by Fox Doucette
After a year in which the sport of boxing shot itself in the foot more times than Yosemite Sam outsmarted by Bugs Bunny, 2015 got off to a proper start as Darleys Perez (32-1, 20 KOs) won a wide unanimous decision over Jonathan Maicelo (21-2, 12 KOs). In the co-feature, such as it was, Francisco Santana (22-3-1, 11 KOs) absolutely starched Kendal Mena (20-1, 11 KOs), laying him out on the canvas so stiff you’d have thought he was dipped in liquid nitrogen.
The main event started off competitive enough, at least in the opinion of Teddy Atlas and the crowd scoring the fight on social media, who saw Jonathan Maicelo pushing forward and controlling the action. Your columnist disagrees completely; what appeared to be going on in that ring was a guy who had ineffective aggression, landing most of his punches on forearms and gloves, while his face was already scuffed like a baseball in the hands of a 19th-century pitcher working an advantage as early as the second round.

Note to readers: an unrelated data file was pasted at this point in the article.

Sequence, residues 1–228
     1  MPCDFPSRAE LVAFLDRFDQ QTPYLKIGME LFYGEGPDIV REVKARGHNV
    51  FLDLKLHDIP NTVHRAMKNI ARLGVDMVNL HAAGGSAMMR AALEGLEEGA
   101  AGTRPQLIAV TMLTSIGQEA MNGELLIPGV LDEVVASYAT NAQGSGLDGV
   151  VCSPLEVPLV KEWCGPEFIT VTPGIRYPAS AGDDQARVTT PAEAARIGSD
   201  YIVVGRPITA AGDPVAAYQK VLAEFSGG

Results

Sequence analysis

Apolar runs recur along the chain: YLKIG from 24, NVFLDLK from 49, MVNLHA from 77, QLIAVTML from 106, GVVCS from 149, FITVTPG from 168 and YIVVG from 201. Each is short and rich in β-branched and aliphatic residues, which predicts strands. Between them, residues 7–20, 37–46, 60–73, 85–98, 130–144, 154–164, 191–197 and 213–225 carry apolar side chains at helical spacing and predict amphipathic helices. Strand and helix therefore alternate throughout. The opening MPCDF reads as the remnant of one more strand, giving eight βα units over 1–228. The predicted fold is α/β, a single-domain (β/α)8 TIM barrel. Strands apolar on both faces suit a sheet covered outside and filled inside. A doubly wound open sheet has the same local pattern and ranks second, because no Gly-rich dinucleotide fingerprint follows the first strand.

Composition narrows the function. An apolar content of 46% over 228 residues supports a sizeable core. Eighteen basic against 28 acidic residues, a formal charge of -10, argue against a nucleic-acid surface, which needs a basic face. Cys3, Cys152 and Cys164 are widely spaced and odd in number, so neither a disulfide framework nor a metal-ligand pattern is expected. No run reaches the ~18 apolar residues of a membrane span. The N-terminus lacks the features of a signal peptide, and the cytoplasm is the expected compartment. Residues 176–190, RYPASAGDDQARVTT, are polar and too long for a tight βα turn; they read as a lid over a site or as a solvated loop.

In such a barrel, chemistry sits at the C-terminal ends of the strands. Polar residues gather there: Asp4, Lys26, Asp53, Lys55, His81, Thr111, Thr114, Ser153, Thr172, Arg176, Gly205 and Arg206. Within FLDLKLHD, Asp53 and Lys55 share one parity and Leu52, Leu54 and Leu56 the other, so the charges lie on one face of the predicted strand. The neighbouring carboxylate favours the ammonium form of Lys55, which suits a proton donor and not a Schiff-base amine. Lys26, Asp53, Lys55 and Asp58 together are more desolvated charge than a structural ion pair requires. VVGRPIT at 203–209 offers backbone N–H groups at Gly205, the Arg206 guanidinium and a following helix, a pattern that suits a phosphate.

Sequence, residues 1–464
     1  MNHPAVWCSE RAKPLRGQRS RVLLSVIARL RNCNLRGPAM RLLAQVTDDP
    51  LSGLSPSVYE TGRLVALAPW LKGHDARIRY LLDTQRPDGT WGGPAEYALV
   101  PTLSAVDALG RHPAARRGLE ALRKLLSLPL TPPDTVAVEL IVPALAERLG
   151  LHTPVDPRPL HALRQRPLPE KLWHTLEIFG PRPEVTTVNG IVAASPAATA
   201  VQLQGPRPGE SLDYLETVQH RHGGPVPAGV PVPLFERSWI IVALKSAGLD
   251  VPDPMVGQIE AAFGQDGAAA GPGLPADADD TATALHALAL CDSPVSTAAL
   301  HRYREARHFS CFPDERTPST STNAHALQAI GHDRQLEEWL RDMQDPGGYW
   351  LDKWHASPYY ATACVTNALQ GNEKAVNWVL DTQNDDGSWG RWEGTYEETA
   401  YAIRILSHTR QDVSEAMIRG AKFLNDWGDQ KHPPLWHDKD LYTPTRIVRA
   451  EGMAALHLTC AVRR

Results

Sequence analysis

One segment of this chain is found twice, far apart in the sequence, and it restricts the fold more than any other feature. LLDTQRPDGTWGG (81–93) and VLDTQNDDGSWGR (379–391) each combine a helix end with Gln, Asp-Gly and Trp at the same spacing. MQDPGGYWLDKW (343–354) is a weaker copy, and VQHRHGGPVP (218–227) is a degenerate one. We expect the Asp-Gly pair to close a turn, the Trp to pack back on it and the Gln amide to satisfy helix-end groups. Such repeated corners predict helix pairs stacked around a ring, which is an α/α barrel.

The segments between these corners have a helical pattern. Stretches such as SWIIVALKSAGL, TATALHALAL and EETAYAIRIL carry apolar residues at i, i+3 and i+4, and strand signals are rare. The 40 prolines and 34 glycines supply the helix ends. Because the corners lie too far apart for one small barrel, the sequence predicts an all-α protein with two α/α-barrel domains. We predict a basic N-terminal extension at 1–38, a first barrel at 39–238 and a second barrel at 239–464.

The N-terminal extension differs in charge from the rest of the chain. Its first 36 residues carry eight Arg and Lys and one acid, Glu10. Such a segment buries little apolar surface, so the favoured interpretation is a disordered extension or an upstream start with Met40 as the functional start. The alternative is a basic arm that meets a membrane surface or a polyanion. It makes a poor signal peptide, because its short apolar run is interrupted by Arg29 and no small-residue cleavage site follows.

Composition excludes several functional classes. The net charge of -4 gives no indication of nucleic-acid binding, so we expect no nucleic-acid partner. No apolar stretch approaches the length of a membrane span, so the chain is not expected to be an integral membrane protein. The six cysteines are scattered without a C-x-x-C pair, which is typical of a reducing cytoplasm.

Make no mistake about it. From the opening bell, Darleys Perez controlled the action, seemingly effortlessly catching Maicelo every time the challenger came in with intentions of wresting the WBA lightweight trinket at stake from the waist of the man who’d once fought Yuriorkis Gamboa. Perez had two approaches; in one case he’d catch Maicelo coming in, timing him and snapping out a jab or a left hook. In the other approach, he’d block or dodge Maicelo’s punches then catch the more aggressive man pulling straight back.
By the fifth round, Perez had the formula down cold, and despite a few good shots landed by Maicelo in the fifth and the tenth (the former of which Maicelo won on your columnist’s card in a “Perez didn’t throw anything memorable” sort of way, the latter of which Maicelo won by virtue of having his best round of the fight), this was a one-sided fight that included not only a knockdown in the 11th, but a 12th round that was so one-sided that judge Barry Druxman plus Teddy Atlas himself scored it 10-8 despite the lack of a trip to the floor for the beaten man.